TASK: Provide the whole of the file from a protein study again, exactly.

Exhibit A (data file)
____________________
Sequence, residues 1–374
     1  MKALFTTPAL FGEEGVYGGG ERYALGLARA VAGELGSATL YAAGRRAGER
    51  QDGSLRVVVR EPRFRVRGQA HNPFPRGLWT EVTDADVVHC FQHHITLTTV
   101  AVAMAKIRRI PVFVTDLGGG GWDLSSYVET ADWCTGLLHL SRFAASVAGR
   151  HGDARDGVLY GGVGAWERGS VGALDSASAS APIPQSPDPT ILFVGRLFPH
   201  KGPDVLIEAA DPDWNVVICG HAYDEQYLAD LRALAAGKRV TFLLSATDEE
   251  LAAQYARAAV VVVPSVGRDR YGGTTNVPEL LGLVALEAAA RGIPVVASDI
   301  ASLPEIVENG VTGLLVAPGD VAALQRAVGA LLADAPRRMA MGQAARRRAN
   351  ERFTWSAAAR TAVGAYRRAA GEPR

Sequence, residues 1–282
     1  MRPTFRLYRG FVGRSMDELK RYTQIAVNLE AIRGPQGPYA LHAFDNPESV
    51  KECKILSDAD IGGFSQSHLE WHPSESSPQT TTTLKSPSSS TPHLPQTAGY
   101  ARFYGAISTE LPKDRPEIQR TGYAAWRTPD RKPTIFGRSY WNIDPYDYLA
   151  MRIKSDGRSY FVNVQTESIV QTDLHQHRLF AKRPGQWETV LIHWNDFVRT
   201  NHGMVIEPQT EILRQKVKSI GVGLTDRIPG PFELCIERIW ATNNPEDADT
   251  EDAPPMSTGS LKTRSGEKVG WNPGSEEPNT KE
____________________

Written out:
Sequence, residues 1–374
     1  MKALFTTPAL FGEEGVYGGG ERYALGLARA VAGELGSATL YAAGRRAGER
    51  QDGSLRVVVR EPRFRVRGQA HNPFPRGLWT EVTDADVVHC FQHHITLTTV
   101  AVAMAKIRRI PVFVTDLGGG GWDLSSYVET ADWCTGLLHL SRFAASVAGR
   151  HGDARDGVLY GGVGAWERGS VGALDSASAS APIPQSPDPT ILFVGRLFPH
   201  KGPDVLIEAA DPDWNVVICG HAYDEQYLAD LRALAAGKRV TFLLSATDEE
   251  LAAQYARAAV VVVPSVGRDR YGGTTNVPEL LGLVALEAAA RGIPVVASDI
   301  ASLPEIVENG VTGLLVAPGD VAALQRAVGA LLADAPRRMA MGQAARRRAN
   351  ERFTWSAAAR TAVGAYRRAA GEPR

Sequence, residues 1–282
     1  MRPTFRLYRG FVGRSMDELK RYTQIAVNLE AIRGPQGPYA LHAFDNPESV
    51  KECKILSDAD IGGFSQSHLE WHPSESSPQT TTTLKSPSSS TPHLPQTAGY
   101  ARFYGAISTE LPKDRPEIQR TGYAAWRTPD RKPTIFGRSY WNIDPYDYLA
   151  MRIKSDGRSY FVNVQTESIV QTDLHQHRLF AKRPGQWETV LIHWNDFVRT
   201  NHGMVIEPQT EILRQKVKSI GVGLTDRIPG PFELCIERIW ATNNPEDADT
   251  EDAPPMSTGS LKTRSGEKVG WNPGSEEPNT KE